You build a performance model to answer a question that capacity planning or load testing can’t answer. Since you can’t test the future, you have to meter what you’ve got in clever ways and then mathematically predict for the future reality.
Performance Model Questions
Let’s start with a couple of performance model questions: “Will upgrading to the new UltraBogus 3000 computer (pictured above) solve our performance problem?” or “If we move just the X-type transactions to the XYZ system, will it be able to handle the load?” You can’t meter or load test a computer you don’t have and the performance meters typically show the net result of all transactions, not just X-type transactions.
To answer these kind of questions, you have to know the picky detail of how work flows through your system and what resources are consumed when doing a specific type of transaction. Here are a couple of ways I’ve done this.
Finding Specific Transaction Resource Requirements
You can use load testing to explore the resource consumption and transaction path of a given transaction, by gently loading the system with that kind of transaction during a relatively quiet time. Send enough transactions so the load is clear in the meters, but not so many as the response time start degrading. Any process or resource that shows a dramatic jump in activity is part of the transaction path. Imagine you got this data on a key process before, during, and after a five-minute load test on just transaction X:
Now do a bit of simple math to figure out the resource consumption for a given X transaction. For reads it looks as though the number per second increased by about 100/sec during the test, so it’s reasonable to estimate that for every X transaction this key process does one read. The writes didn’t really change, so no writes are done for the X transaction. First notice if the before and after consumption of resources is about the same. If so, it is a good sign that during the load test there was no big change in the user-supplied load. I’d recommend you repeat this test a couple of times. If you get about the same results each time, your confidence will grow, and the possibility of error is reduced.
For CPU, the consumption during the load test jumped by about 600 milliseconds per second and therefore each X transaction requires 600 / 100 = 6ms of CPU. Overall, this test tells us that the X transaction passes through this key process, does one read, does no writes, and burns six milliseconds of CPU.
Please note, the math will never be precise due to sampling errors and random variations. This methodology can give you a value that is about right. If you need a value that is exactly right, then you need to run this test on an otherwise idle system, perhaps at the end of a scheduled downtime.
Finding The Transaction Path
You can use a network sniffer to examine the back and forth network traffic to record the exact nature of the interprocess communication. For political, technical, and often legal reasons, this is usually only possible on a test system. Send one transaction in at a time separated by several seconds, or with a ping, so there is no overlap and each unique interaction is clear.. Study multiple examples of each transaction type.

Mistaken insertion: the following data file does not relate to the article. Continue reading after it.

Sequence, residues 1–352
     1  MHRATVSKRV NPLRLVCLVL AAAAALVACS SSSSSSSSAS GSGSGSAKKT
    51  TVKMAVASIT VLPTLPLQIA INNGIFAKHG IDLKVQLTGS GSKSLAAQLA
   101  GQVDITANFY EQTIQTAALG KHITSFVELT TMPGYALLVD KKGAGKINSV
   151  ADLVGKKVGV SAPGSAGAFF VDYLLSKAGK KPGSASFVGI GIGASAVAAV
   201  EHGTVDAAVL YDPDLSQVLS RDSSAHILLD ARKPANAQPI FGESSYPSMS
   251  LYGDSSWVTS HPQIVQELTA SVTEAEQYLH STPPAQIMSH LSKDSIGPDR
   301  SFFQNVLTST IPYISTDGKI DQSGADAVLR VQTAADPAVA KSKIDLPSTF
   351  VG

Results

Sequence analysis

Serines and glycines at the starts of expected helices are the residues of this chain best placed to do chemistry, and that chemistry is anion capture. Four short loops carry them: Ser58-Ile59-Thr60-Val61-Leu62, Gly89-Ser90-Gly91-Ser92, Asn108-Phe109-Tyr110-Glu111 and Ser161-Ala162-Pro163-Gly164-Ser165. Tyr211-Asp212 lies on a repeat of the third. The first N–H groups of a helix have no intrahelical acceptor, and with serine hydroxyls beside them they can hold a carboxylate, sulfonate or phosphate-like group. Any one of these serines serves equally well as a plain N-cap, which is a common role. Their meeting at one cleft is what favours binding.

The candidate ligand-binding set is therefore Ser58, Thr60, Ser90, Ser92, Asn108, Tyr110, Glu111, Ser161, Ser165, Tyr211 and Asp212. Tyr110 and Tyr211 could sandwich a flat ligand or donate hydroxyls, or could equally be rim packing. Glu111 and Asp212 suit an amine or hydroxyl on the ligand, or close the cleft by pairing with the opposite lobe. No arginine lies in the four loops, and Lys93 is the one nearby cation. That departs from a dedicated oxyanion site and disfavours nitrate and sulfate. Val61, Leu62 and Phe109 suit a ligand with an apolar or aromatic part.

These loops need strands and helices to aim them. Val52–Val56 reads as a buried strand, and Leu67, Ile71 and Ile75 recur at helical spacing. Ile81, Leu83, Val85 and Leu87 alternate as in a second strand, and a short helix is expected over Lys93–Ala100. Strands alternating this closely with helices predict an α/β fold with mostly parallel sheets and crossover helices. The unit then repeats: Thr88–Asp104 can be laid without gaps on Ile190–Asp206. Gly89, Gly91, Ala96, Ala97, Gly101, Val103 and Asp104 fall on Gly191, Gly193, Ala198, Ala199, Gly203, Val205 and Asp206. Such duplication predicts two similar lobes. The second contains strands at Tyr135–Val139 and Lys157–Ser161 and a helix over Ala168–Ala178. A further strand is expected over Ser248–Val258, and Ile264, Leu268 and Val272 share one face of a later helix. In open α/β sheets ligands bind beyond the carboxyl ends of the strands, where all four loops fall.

The following timeline was created from the network sniffer data that showed the time, origin, and destination of each packet as these processes talked to each other. During this time there were two instances of the X transaction, with a ping added so the transaction boundaries were completely clear. We can learn many things from this timeline.
First we know the transaction path for the X transaction (A to B to C to B to A), which can be very useful. Please note, a sniffer will only show you communication over the network. It won’t show all the dependencies with other processes and system resources that happen through other interprocess communication facilities. This give you a good place to start, not the whole map of every dependency.
We can also see exactly how long each process works on each thing it receives. Process C worked on each X transaction for about 200 milliseconds before responding. Little’s law (and common sense) show if you know the service time you can find the maximum throughput because:
MaxThroughput ≤ 1 / AverageServiceTime
Since this was an idle system, the wait time was zero, so the response time was the service time. If we do the calculation and find that 1/.2 = 5, then we know that Process C can only handle five X transactions per second.
If the question for the model was: “If we don’t reengineer Process C, can we get to 500 X transactions/sec?” The answer is no. If the question for the model was: “How many copies of Process C do we need to handle 500 X transactions a second?” The answer is going to be at least 500/5 = 100, plus more because you never want to plan for anything to be at, or near, 100% busy at peak.
When it’s time to build a model, often you’ll need to know things that can be difficult to discover. Share the problem widely as others might have a clue, a meter, or a spark of inspiration that will help you get the data. Work to understand exactly what question the model is trying to solve as that will give you insight as to what alternative data or alternative approach might work.
While you’re exploring also keep an eye on the big picture as well. Any model of your computing world has to deal with the odd things that happen once in a while. Note things like backups, end of day/week/month processing, fail-over and disaster recovery plans.